'War' takes field as summer crowds wane

Quartet of newbies looking to take on 'Superbad,' holdovers

The end of the summer moviegoing season hangs just over the horizon, and after a few superheated sessions, the boxoffice could end up taking something of a vacation. While North America's multiplexes will continue to see business from holdovers like last weekend's champ, Sony Pictures' "Superbad," this weekend's debutantes, led by Lionsgate's "War," are looking to distinguish themselves simply by cresting the $10 million mark.       

"War" has the advantage of two marquee names in the action arena -- Jet Li and Jason Statham -- facing off against each other as assassin and FBI agent, respectively. Directed by Philip G. Atwell, who has handled music videos for Eminem and 50 Cent, the R-rated film should get pulses racing among younger males.

Li and Statham have proved themselves $10 million-plus men. Li's 2005 "Unleashed" and 2006 "Fearless" bowed to $10.9 million and $10.6 million, respectively, while Statham's "Crank" opened to a three-day gross of $10.5 million last Labor Day weekend. "War," shooting up 2,277 theaters, conservatively should grab $10 million-$12 million and could spike higher.

"The Nanny Dairies," on the other hand, will be appealing to female audiences. Selling itself as this summer's equivalent to "The Devil Wears Prada," it stars Scarlett Johansson as a nanny struggling to please a forbidding employer (Laura Linney). Shari Springer Berman and Robert Pulcini, the filmmaking team behind 2003's admired "American Splendor," adapted the screenplay from the novel by Emma McLaughlin and Nicola Kraus and co-directed the PG-13 film.

MGM is handling the 2,629-theater release for the Weinstein Co., with a likely opening gross in the $7 million-$8 million range that could push to $9 million-$10 million if recent tracking showing interest perking up among younger females bears fruit.

British comic Rowan Atkinson is celebrated around the world for his goofily inept creation Mr. Bean. "Bean" grossed more than $250 million worldwide in 1997, though only $45 million of that tally came from North America.

In his newest, family-friendly, G-rated outing, "Mr. Bean's Holiday," directed by Steve Bendelack, the very English Bean heads off for a vacation in France. The Universal Pictures comedy already has grossed nearly $190 million internationally.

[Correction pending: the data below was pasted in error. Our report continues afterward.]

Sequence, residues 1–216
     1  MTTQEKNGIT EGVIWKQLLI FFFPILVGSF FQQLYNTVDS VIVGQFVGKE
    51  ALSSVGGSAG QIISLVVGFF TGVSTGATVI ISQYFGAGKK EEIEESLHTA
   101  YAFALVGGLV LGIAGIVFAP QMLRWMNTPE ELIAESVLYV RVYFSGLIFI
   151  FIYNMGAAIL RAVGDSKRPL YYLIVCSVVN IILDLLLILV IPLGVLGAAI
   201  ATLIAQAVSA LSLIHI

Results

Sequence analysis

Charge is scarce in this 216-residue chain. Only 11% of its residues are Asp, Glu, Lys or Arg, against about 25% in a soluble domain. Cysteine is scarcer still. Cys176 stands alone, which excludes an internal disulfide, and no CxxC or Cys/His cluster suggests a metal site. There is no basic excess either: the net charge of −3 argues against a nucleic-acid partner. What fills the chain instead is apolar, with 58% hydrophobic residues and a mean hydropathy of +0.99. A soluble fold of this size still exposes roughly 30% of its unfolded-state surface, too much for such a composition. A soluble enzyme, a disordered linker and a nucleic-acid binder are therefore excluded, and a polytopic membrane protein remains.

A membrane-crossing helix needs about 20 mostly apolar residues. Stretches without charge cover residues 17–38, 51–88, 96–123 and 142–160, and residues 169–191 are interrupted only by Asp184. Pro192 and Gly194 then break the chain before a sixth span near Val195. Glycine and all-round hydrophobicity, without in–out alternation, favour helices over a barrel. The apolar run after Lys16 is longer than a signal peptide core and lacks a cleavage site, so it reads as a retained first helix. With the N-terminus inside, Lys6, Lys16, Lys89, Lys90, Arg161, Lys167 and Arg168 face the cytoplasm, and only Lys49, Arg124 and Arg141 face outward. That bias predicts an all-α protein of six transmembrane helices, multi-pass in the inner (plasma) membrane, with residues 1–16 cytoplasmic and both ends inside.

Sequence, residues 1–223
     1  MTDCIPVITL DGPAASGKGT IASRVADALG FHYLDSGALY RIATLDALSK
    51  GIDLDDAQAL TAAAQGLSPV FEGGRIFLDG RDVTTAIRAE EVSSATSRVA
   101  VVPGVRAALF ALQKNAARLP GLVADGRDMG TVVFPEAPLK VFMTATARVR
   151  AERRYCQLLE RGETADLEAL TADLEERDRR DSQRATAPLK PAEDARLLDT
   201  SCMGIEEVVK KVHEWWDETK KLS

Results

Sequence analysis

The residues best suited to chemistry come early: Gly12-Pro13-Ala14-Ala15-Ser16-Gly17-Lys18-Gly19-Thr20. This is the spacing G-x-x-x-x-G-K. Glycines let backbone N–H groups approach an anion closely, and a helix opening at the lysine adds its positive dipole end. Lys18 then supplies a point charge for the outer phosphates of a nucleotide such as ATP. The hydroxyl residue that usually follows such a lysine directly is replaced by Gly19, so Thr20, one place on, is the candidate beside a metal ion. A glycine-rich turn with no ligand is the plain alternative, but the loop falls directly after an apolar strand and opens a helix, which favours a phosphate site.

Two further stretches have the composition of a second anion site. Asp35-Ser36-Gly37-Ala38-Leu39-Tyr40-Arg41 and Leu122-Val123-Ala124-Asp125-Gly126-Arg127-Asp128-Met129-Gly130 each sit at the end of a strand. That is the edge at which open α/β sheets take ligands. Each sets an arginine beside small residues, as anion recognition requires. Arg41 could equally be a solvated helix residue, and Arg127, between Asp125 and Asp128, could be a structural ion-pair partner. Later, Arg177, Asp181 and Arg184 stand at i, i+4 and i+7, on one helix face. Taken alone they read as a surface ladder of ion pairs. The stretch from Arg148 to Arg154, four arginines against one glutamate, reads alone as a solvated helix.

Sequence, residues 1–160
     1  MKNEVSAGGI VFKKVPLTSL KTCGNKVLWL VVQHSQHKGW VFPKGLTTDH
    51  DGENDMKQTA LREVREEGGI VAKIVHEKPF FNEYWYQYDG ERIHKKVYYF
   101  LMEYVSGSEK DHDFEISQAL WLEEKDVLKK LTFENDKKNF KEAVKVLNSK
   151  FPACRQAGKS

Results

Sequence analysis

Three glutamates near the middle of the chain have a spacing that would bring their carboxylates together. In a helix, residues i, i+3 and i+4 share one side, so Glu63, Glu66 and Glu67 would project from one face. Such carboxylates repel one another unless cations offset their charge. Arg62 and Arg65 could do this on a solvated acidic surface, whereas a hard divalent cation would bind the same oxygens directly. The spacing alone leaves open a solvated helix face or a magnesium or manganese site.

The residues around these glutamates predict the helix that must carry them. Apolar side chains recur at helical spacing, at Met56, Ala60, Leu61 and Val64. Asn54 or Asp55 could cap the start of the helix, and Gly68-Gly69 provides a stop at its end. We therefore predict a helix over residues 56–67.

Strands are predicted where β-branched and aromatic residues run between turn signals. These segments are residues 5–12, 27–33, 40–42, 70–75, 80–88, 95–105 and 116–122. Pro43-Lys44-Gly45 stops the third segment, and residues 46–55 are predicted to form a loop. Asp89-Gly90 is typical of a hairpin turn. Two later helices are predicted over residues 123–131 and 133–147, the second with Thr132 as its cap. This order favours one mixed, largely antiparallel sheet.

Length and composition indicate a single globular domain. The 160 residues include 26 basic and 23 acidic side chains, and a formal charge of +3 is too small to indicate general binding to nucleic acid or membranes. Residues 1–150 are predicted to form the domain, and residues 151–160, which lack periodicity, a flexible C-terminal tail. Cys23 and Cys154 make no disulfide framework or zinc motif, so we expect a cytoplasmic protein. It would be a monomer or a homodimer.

But while awareness is high in America, there's a real question whether Americans will get the joke, and so "Holiday," setting up shop in 1,713 theaters, might end up loitering around the $5 million mark.

The Yari Film Group will attempt to counterprogram against the surrounding late-summer escapism by presenting a dramatic character study, "Resurrecting the Champ."

Critic-turned-filmmaker Rod Lurie ("The Contender") directs the based-on-a-true-story account of a journalist (Josh Hartnett) who learns life lessons when he stumbles across a homeless man (Samuel L. Jackson) who once was a boxing champ.

Based on a Los Angeles Times Magazine article by J.R. Moehringer and adapted for the screen by Michael Bortman and Allison Burnett, the film already has earned encouraging reviews. "Champ" is challenging itself by launching in 1,602 theaters and appears fated to enter the ring at somewhere less than the $5 million mark.

Debuting in 857 theaters -- Slowhand Releasing is handling its rollout -- "September Dawn" is set against Utah's Mountain Meadows Massacre, which took place in 1857 when a group of Mormons murdered a wagon train full of settlers.

It's a story whose retelling is controversial among Mormons, and its Western-garbed love story looks like a hard sell to the public at large. Directed by Christopher Cain and starring Jon Voight, the R-rated film is expected to trail well behind the weekend's other entries.

Similarly, director Franc. Reyes' Latino crime drama, "Illegal Tender," staking out 512 theaters, also looks like one of the weekend's also-rans.
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